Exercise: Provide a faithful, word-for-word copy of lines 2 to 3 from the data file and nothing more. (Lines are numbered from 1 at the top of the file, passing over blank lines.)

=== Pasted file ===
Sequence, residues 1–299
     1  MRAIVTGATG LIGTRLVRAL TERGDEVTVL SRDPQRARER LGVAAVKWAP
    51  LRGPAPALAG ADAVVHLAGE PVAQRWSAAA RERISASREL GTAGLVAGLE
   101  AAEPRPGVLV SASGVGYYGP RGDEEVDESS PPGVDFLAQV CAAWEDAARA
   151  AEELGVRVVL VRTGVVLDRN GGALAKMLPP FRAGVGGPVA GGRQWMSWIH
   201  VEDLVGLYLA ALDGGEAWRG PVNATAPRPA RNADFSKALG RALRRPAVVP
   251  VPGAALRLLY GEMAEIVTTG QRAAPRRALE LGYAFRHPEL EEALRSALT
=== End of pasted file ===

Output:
     1  MRAIVTGATG LIGTRLVRAL TERGDEVTVL SRDPQRARER LGVAAVKWAP
    51  LRGPAPALAG ADAVVHLAGE PVAQRWSAAA RERISASREL GTAGLVAGLE